Friday, April 2, 2010

Attack of the Interstate Highway System

Although I don't ride my bicycle on the Interstates - obviously - they still affect every trip I make. Atlanta and the State of Georgia chose to run three major highways through the city. I-75 and I-85 run together part of the way, and intersect with I-20 just a few blocks south of downtown Atlanta. They have been widened multiple times, and other limited-access highways have been added over time. This not only impacted the properties and streets that were bulldozed for highway construction, but much of the surrounding street network as well. Roads leading to highway entrance and exit ramps were converted to one-way streets, widened, and given priority over cross streets. Speed limits were raised and city streets were annexed by the state government.

The results are obvious. Scanty traffic barrels down wide, empty roads, which are preserved as a backup system in case the Interstate (almost a mile away) fails. Of course, the city street network is much more robust than the single-corridor highways, and does not need such enormous roads to handle traffic. But I doubt the engineers realize that.
Many streets are nearly vacant at rush hour, which encourages speeding

Elsewhere, road segments suffer from gridlock and congestion - but only for 5 or 10 blocks around the entrance and exit ramps. A cyclist has to fight her way through this mess along with everyone else, but is rewarded with car-free streets on the other side. I encounter at least three of these highway knots on my route to and from work. Most of the bottlenecks cannot be avoided, because all of the alternate routes have been eliminated in highway construction.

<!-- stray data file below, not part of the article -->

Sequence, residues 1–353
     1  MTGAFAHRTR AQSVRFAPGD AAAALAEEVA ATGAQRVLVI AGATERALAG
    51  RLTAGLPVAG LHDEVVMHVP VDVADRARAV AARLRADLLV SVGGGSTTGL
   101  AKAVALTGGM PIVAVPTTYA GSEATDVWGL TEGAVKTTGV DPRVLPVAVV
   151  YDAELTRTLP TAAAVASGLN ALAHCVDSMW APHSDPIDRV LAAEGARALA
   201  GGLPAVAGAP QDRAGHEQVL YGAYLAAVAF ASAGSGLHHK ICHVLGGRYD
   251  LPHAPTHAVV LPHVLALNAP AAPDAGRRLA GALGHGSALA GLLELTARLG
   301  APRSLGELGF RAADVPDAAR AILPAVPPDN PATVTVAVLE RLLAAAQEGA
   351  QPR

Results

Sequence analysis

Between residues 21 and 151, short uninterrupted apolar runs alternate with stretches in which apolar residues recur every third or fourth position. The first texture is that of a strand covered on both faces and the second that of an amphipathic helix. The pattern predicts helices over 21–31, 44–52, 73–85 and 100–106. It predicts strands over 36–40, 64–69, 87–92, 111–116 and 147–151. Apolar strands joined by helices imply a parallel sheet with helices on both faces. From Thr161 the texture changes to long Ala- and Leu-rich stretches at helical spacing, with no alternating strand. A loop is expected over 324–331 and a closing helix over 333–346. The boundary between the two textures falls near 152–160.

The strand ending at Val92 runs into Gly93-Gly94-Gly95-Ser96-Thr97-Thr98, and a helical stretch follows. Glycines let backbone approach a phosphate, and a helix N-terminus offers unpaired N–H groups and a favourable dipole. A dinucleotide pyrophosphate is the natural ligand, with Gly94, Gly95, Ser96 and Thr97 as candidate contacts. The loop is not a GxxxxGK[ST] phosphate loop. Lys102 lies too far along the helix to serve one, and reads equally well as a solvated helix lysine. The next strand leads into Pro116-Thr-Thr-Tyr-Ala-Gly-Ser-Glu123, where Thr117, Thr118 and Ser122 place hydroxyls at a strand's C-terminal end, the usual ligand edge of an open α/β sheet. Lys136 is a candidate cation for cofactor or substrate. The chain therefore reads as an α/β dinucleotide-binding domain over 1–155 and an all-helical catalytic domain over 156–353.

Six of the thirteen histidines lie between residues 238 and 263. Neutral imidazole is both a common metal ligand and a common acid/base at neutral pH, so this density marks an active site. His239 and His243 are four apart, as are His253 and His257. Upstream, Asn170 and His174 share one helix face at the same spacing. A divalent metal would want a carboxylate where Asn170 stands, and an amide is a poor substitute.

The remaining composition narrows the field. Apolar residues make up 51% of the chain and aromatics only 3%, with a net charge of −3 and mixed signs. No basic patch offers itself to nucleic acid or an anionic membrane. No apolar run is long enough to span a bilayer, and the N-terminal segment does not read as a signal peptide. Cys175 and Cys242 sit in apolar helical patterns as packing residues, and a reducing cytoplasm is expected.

It is the most inefficient, stressful, and unsafe system you could possibly imagine.

 Blue Belle shakes her head basket sadly at gridlock near the Williams Street ramps

1 comment:

  1. Funny how there's always money for Highways though, while cycle lanes are cancelled for 'budgetary reasons'.

    Our local town is a small island of such 60's thinking, although fortunately we're surrounded by a mass of more thoughtful towns.